A Catskill Catalog: May 28, 2008
When I was growing up in suburbia, Memorial Day was the first day of summer, the day the local pools opened, the day my job at the beach club started. Oh, we watched the President at the Tomb of the Unknown Soldier on TV, but mostly Memorial Day was hotdogs and hamburgers for the first time outside this season.
Moving to the mountains introduced me to Memorial Day.
Here, the holiday was crepe-poppies in lapels, folks putting-out little flags on the graves of veterans, an entire community coming together for a parade and a speech in front of the Legion Hall, followed by free ice cream and busy taverns. Memorial Day mattered.
In the early ’70s people on both sides of the national debate over the Vietnam War listened intently to the Memorial Day speaker – generally a clergyperson – for hints to his or her true attitude toward the war. No one that I remember ever got too political, but some fairly intense political debates could arise out of somebody’s interpretation of what the reverend seemed to say.
Memorial Day has small town roots. In 1966, President Lyndon Baines Johnson ended a longtime contest for the title among competing claimants by declaring Waterloo, New York “The Birthplace of Memorial Day.” That Finger Lakes village was home to Henry Welles, a small-town pharmacist who suggested at a social gathering that the decoration of graves would be a good way to honor the many young men of the village killed in the Civil War. The idea took off, and Decoration Day, as it was then known, began to spread as a springtime ritual.
It was set on May 30 in 1868 by order of John A. Logan, first national commander of the Grand Army of the Republic, the brotherhood of Union Veterans that was a powerful force in American life for half a century. In 1873, New York became the first state to make Decoration Day an official state holiday, one that was only observed in the north. After World War I, Memorial Day was extended to honor Americans who died in every war, not just the Civil War, and in 1971 was moved to the last Monday in May to insure a three-day weekend.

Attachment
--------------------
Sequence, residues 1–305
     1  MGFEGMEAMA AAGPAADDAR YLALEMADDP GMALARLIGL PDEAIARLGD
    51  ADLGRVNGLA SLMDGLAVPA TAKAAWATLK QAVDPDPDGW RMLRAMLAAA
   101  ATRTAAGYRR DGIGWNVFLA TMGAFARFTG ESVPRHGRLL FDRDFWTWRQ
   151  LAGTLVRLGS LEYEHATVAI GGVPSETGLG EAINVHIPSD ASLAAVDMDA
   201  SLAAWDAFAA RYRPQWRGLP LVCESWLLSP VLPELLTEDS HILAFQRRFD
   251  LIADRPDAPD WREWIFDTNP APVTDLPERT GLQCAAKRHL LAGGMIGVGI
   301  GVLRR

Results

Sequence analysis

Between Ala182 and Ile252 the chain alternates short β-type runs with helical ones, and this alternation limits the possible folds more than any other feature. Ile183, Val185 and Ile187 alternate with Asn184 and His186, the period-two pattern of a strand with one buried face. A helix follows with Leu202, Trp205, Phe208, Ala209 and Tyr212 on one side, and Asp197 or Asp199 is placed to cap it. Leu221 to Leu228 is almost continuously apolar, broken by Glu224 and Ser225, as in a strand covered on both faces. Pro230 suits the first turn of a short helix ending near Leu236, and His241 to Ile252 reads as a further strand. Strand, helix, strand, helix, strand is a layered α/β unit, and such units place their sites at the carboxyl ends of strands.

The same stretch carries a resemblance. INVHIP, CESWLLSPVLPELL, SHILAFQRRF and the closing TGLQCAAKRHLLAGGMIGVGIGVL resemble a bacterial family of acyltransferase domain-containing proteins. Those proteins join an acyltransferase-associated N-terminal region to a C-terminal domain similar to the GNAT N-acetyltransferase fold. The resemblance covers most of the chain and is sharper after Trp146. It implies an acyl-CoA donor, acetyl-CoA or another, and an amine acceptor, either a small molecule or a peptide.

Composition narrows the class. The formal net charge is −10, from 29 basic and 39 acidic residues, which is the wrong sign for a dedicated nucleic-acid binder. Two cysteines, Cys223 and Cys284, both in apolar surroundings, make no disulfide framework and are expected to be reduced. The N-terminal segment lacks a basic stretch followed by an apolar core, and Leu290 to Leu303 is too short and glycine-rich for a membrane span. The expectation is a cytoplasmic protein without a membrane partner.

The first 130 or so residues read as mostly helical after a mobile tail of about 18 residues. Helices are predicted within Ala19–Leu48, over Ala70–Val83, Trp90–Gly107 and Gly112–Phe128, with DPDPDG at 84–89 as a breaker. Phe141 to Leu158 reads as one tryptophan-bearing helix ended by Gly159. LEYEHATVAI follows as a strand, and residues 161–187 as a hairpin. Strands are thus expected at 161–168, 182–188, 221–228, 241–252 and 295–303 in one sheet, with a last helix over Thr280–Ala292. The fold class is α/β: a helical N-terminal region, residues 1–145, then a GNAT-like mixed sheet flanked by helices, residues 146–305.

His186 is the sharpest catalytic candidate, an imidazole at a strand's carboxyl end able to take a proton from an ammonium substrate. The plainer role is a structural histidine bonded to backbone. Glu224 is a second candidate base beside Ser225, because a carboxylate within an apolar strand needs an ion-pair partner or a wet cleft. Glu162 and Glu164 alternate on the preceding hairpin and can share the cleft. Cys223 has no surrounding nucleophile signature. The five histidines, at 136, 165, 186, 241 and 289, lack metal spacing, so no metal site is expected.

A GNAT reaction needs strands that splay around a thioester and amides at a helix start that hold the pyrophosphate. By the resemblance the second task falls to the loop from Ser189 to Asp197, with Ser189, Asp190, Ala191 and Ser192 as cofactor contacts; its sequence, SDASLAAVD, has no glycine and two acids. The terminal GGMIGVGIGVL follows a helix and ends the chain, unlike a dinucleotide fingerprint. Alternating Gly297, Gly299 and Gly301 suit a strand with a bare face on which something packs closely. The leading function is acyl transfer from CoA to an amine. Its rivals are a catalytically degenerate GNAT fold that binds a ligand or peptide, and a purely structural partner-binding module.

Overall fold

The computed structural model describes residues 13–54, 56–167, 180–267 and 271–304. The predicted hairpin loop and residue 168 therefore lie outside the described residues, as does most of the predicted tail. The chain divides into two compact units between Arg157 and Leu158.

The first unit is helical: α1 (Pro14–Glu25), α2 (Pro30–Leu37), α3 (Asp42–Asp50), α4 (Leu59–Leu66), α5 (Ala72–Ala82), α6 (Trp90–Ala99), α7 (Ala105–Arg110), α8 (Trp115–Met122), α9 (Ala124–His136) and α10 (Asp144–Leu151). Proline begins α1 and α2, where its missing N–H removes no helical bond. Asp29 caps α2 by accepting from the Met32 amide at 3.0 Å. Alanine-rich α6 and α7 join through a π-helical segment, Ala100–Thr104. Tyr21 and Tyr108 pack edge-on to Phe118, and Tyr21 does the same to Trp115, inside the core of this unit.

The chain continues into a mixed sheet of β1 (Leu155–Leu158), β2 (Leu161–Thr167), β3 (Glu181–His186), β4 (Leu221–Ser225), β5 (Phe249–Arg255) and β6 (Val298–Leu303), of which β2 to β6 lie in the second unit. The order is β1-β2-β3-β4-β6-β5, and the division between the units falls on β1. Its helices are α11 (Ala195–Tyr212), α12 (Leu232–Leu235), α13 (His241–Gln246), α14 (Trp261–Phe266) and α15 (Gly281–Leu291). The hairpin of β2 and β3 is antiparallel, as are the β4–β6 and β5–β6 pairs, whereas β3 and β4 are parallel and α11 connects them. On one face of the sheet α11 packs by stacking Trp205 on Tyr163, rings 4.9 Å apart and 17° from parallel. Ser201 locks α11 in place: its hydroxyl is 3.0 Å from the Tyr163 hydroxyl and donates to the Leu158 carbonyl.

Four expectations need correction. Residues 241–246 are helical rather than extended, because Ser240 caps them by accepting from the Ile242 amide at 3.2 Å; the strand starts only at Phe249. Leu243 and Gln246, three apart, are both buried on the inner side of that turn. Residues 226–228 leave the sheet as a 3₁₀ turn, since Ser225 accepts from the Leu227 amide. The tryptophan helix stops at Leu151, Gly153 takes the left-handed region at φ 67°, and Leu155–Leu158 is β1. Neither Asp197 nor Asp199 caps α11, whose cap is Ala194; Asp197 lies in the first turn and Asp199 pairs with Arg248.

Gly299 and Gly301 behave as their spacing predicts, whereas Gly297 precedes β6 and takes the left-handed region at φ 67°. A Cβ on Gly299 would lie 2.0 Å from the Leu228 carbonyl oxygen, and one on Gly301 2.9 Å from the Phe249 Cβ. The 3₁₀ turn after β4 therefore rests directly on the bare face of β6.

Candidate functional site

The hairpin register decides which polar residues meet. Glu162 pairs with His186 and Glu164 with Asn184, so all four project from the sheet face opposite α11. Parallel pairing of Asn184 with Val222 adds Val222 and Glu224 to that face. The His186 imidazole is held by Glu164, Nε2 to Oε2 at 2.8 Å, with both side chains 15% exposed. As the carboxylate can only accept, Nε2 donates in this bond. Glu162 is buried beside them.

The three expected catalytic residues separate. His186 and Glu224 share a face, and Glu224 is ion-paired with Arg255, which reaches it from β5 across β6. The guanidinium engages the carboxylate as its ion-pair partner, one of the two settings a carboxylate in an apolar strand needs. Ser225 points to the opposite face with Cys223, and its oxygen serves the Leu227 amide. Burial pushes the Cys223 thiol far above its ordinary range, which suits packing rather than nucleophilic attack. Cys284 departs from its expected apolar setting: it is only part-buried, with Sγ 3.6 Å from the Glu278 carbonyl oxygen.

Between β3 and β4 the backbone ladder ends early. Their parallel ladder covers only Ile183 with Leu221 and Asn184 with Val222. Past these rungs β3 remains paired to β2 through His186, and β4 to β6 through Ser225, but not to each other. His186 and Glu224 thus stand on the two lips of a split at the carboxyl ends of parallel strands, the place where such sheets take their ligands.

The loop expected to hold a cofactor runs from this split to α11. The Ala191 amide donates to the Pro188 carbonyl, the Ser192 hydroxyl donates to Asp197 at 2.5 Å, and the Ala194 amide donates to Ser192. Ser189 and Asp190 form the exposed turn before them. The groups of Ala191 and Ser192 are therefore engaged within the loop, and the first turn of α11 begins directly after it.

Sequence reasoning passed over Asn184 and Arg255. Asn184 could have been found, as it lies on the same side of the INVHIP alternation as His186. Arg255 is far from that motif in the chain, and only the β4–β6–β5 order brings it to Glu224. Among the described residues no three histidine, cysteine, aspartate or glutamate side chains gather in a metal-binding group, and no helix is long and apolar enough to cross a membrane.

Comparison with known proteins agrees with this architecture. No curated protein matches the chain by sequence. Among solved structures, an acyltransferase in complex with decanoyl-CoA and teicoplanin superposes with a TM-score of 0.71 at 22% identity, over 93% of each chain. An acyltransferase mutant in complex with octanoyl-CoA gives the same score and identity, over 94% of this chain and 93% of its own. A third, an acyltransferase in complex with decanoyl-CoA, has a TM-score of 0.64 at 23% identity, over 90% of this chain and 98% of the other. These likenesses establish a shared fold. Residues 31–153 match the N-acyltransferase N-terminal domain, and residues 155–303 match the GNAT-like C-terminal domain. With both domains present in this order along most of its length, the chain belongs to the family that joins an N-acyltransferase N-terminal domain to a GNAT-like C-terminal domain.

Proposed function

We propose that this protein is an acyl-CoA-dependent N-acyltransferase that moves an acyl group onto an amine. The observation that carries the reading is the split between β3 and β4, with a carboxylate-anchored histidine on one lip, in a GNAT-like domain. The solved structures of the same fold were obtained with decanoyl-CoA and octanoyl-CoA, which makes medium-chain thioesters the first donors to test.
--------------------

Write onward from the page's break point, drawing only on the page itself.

A few Memorial Days back, Mr. Kasanof of Halcott Center was honored as the last World War I veteran in our area. He was, I believe, 100 years old at the time. I hate to think of the Memorial Day to come when our towns will honor their last World War II vet.
That group is famously tight-lipped about their experiences in the war. Growing up, there were around us a lot of war veterans and few war stories. It seemed they wanted to forget. As one recently told me, his eyes glistening, “Those guys went through so much.” My informant spent the war sweeping for mines in Europe himself, but his near-tears are for “those guys, who had it a lot worse than me.” Typically, my WW II veteran friend does not want his name used.
“This place lost so many for such a little town,” he told me, referring to the handful of villages and hamlets at the head of the East Branch that mean home to him. “At least eight guys died.”
Imagine. We are all pained when we read of the death in Iraq of the kid from Highland, or from across the river. Imagine eight dead soldiers, sailors, airmen. and marines from among the kids who were just in your high school and the high schools you play in sports.
When you get a chance, visit the Margaretville American Legion Hall to see the wonderful wall of photographs of the men and women of World War II. Play bingo one night just to get in. The wall is worth a visit.
Marian Connell had been teaching math, general science, chemistry, and biology at Margaretville High School for seven years or so when the Japanese bombed Pearl Harbor. A photography enthusiast, she resolved to photograph every local man and woman who went off to war. The results are staggering. The photographs extend down the entire sidewall of the Legion Hall – so many pictures! One truly understands the scope of the mobilization for war that was World War II when one sees just how many young people went off to war. A whole generation!
When I taught European History to 10th-graders a few years, I had the kids do a project called “Margaretville in World War II.’” Each student would find a person to interview who lived through the war: might be a vet or somebody on the home front. It was fascinating to learn that Fleischmanns High School canceled its prom for the duration. The problem: no boys.
Miss Connell, still living in our community, was a legendary teacher when I was her colleague. She taught for 42 years. My World War II veteran friend graduated from high school in the late ’30s, but he still gets excited when describing her classroom. “Miss Connell made you feel like you were part of something!” he exclaimed. About the best compliment a teacher can get.